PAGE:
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Correction of 'Longtime Oversight' Shakes Up MLB Records

Negro Leagues have been reclassified as major league
By Newser Editors and Wire Services
Posted Dec 16, 2020 4:28 PM CST
Correction of 'Longtime Oversight' Shakes Up MLB Records
Houston Astros third base coach Gary Pettis and manager Dusty Baker Jr. look up into the stands at photo cutouts of former Negro League players before a game against the Seattle Mariners.   (Kevin M. Cox/The Galveston County Daily News via AP, File)

(Newser) – Willie Mays will add some hits to his record, Monte Irvin's big league batting average should climb over .300 and Satchel Paige may add nearly 150 victories to his total. Josh Gibson, the greatest of all Negro League sluggers, might just wind up with a major league record, too. The statistics and records of greats like Gibson, Paige, and roughly 3,400 other players are set to join Major League Baseball's books after MLB announced Wednesday it is reclassifying the Negro Leagues as a major league, the AP reports. MLB said Wednesday it was “correcting a longtime oversight in the game's history” by elevating the Negro Leagues on the centennial of its founding. The Negro Leagues consisted of seven leagues, and MLB will include records from those circuits between 1920-48.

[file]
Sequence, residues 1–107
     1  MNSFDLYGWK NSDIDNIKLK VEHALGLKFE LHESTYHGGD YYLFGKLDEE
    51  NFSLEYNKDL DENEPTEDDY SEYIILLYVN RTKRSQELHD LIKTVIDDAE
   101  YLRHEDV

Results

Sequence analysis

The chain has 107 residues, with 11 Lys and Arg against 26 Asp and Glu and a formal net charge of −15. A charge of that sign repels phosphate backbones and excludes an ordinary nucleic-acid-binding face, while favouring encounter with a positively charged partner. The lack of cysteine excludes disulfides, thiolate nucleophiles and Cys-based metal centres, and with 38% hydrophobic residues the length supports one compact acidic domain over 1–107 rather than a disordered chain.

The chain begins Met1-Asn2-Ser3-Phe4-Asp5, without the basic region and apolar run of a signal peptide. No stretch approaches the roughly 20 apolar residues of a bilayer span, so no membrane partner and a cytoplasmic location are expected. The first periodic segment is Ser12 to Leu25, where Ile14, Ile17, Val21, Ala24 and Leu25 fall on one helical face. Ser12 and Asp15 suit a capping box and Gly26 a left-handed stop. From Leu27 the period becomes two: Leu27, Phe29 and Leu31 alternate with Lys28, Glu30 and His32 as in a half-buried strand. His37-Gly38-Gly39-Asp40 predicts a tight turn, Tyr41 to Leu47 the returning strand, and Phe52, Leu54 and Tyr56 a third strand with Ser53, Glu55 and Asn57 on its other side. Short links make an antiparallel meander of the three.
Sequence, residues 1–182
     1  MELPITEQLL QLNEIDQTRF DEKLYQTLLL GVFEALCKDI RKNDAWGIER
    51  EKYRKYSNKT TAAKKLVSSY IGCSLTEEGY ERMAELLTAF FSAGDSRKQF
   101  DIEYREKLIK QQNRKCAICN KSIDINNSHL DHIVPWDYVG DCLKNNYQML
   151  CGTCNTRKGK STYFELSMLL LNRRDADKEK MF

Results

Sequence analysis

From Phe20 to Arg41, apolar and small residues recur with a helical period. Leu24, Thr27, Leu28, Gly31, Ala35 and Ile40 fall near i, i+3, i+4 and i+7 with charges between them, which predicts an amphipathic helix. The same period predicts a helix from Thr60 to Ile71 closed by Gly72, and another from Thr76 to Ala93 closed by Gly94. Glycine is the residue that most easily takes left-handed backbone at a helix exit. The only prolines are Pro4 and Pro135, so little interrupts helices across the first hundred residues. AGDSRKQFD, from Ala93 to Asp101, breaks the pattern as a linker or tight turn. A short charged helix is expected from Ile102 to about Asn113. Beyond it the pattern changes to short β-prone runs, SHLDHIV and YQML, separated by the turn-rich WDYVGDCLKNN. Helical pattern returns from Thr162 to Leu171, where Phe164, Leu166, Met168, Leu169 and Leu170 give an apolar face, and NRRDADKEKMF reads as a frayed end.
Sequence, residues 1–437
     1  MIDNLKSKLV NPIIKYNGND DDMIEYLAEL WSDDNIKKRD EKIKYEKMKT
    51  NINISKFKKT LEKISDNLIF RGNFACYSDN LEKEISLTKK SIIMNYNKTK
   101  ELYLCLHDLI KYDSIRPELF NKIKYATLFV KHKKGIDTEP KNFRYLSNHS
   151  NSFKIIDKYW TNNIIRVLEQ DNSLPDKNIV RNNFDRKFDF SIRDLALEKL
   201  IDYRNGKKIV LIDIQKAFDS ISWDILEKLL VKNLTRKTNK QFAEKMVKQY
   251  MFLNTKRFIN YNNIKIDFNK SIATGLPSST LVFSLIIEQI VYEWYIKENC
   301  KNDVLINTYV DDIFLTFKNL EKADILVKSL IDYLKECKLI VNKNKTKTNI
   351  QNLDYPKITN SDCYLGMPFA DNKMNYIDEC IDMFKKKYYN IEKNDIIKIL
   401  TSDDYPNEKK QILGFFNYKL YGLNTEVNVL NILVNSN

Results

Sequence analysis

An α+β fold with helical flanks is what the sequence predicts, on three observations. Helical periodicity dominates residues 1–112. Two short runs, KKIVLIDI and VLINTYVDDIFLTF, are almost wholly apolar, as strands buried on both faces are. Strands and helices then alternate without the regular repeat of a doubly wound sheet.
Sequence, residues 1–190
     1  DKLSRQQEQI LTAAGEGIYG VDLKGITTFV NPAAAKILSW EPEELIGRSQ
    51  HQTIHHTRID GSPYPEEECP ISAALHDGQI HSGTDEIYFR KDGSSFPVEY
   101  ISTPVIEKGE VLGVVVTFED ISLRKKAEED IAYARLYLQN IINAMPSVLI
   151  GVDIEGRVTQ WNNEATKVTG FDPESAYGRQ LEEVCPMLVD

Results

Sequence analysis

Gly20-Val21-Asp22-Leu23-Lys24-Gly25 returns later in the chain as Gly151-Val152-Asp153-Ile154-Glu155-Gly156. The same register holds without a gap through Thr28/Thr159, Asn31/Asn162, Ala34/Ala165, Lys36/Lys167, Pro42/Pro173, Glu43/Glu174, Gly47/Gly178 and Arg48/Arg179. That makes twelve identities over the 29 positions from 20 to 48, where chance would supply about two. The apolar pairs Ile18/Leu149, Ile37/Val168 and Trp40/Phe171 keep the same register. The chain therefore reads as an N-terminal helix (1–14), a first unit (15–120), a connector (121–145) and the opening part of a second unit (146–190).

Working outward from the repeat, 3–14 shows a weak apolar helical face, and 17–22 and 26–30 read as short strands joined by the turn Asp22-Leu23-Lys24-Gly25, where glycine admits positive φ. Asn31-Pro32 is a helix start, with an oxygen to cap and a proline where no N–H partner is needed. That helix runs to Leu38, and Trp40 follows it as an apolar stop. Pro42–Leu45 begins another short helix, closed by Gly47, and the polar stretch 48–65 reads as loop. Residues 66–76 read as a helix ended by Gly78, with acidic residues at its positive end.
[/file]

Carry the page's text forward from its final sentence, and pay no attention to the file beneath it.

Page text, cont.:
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“All of us who love baseball have long known that the Negro Leagues produced many of our game’s best players, innovations, and triumphs against a backdrop of injustice," Commissioner Rob Manfred said in a statement. The Negro Leagues were excluded in 1969 when the Special Committee on Baseball Records identified six official "major leagues" dating to 1876. The league will now work with the Elias Sports Bureau to review Negro Leagues statistics and records and figure out how to incorporate them into MLB’s history. While some have estimated Gibson slugged over 800 homers during 16 Negro League seasons, it's unlikely that enough records exist for him to officially pass Barry Bonds for the career record at 762. Depending on what Elias and MLB rule, though, Gibson could wind up with another notable record. His .441 batting average in 1943 would be the best season mark ever, edging Hugh Duffy's .440 from 1894.

(Read more Major League Baseball stories.)

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